01. Dawn of the Dead (1978)
Real-Life Zombies
Paranormal Haze has some kooky spooky tales of parasitic beings in the natural world who make for some rather compelling zombie corollaries. And folks, these aren’t the things of movies! Here’s their offering of zombie insects that prove the old maxim, the truth is creepier than fiction:
The Weta 
The weta (shown above) is a large insect - some species growing as large as 4 inches long - native to New Zealand. They have a very nasty bite and can inflict painful bacteria laced scratches with their spiny legs. Their physical appearance is cricket-like but with a few distinguishing features. These creatures mere existence is terrifying but combine this with the fact that these insects are undead and you have one formidable zombie bug.
The tree weta have a protein in their blood that prevents water from freezing. Weta can survive being frozen alive for months at time in temperatures as low as -10°C by putting themselves in a suspended animation, something like Sly Stallone in Demolition Man. This is an impressive feat, but it is also important to note that while in this suspended animation the weta’s heart and brain dies then recovers upon thawing out. This bug is technically a zombie.
Wolf Spider
Scientists at the University of Rennes in France collected 120 Wolf Spiders and submerged them underwater and waited for them to die. After all signs of life left their little spider bodies (some stayed submerged for 40 hours) the scientists laid the corpses out to dry so they could later weigh them.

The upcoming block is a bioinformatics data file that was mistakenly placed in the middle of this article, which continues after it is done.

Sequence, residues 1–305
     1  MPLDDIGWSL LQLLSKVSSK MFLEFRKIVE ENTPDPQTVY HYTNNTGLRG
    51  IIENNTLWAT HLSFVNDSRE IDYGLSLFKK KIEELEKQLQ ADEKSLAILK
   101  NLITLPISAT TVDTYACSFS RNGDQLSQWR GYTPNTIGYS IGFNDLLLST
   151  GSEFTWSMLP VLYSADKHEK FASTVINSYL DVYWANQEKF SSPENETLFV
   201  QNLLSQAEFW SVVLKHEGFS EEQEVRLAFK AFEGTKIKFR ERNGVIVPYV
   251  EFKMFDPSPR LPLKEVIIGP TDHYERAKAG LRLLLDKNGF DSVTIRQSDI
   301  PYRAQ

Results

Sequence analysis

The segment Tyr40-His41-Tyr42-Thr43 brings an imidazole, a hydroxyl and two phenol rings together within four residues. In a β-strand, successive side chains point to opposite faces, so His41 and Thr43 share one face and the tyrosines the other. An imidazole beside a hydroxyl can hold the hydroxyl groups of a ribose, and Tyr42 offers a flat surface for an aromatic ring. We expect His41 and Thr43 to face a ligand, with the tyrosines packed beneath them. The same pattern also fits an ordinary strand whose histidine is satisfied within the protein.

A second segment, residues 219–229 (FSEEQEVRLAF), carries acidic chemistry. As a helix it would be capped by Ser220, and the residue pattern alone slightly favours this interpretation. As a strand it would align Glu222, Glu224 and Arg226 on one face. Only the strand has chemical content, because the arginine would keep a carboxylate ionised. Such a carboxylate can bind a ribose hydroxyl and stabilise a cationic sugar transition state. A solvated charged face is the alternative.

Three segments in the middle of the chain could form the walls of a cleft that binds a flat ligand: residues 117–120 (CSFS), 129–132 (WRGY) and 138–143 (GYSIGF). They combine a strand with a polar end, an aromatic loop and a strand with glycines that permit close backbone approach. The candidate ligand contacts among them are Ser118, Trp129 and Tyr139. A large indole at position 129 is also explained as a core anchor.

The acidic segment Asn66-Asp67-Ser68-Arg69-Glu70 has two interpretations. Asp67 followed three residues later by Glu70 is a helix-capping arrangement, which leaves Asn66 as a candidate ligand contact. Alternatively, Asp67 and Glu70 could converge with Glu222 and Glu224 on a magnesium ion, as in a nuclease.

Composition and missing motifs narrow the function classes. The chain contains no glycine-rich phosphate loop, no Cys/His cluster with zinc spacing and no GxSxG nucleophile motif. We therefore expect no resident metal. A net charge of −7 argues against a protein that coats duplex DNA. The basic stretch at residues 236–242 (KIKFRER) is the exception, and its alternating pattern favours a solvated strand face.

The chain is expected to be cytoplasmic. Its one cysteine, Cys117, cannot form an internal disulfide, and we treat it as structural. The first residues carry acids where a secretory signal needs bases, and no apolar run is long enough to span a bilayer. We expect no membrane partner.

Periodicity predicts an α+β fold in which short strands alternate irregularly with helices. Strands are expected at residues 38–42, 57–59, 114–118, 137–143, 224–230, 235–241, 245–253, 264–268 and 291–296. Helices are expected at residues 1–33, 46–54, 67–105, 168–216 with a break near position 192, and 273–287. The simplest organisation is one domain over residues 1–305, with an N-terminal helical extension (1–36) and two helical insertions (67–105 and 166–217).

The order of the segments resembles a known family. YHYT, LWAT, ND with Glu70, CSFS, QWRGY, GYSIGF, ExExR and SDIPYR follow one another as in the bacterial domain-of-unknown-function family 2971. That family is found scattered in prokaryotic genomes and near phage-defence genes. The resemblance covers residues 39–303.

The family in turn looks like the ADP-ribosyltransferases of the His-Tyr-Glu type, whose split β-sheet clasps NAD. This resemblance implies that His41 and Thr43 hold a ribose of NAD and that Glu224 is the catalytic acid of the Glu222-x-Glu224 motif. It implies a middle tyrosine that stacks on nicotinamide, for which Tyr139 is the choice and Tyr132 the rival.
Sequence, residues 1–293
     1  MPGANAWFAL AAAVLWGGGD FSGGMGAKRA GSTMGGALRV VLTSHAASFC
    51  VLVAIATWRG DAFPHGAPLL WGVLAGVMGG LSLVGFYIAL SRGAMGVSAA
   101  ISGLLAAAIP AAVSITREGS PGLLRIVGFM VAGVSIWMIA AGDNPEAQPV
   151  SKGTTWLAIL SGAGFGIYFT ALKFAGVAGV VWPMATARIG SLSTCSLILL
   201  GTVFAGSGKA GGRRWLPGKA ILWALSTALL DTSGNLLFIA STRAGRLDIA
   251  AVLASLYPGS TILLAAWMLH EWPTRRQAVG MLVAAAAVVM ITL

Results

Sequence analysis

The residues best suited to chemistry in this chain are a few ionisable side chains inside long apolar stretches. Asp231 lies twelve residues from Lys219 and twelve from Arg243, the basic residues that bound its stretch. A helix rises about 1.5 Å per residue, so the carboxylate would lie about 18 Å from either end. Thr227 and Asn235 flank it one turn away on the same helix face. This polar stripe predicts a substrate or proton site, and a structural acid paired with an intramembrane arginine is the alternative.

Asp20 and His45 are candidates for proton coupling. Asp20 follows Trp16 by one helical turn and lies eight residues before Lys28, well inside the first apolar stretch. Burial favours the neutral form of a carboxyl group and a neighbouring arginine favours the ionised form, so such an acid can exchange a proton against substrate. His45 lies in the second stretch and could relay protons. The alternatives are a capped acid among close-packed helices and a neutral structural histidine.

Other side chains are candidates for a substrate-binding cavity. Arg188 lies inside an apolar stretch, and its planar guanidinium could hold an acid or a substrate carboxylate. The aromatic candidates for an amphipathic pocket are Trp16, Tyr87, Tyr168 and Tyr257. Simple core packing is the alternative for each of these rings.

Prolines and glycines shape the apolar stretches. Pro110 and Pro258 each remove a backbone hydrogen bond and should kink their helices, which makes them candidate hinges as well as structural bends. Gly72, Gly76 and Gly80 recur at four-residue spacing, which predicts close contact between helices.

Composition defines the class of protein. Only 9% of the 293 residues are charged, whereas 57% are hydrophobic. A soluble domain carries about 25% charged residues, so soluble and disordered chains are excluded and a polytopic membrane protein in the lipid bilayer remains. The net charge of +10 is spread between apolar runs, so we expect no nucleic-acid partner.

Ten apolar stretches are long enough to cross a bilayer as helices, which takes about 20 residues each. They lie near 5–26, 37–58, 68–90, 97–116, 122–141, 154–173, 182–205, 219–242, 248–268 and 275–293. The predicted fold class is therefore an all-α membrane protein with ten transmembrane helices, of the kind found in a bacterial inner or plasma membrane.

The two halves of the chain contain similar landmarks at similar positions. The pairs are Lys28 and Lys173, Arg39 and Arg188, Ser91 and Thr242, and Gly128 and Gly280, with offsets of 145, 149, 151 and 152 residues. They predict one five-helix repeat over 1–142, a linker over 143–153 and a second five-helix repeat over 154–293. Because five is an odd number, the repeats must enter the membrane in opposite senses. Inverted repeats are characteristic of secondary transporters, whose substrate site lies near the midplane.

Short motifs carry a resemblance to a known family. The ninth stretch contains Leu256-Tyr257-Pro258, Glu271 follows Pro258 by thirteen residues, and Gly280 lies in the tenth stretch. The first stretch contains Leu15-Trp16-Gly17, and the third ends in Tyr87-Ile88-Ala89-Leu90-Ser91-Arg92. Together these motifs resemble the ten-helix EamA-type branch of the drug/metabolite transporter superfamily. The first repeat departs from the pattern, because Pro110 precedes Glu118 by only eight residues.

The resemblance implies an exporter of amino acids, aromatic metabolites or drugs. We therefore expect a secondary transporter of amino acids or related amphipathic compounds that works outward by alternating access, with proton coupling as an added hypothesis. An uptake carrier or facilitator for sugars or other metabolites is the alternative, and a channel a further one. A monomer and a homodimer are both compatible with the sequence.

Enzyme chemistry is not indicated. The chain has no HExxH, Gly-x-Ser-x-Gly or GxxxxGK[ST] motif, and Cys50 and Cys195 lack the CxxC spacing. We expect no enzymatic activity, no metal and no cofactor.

A few hours later the spiders rose from the dead. Even though they were not craving brains, the spiders still appeared to be zombies. When threatened with drowning the spiders enter a comatose state where their metabolism virtually stops and all signs of life cease (the description of this comatose state seems like death). After things get dry they awake and carry on with their business as if nothing ever happened.
The Jewel Wasp
The jewel wasp is a solitary wasp that is known for its bizarre reproductive practice. The wasp stings a roach, herds it like a sheep into its nest, and then proceeds to lay an egg on the roach’s abdomen so its little baby will have plenty to eat upon hatching. So how does this relate to zombies?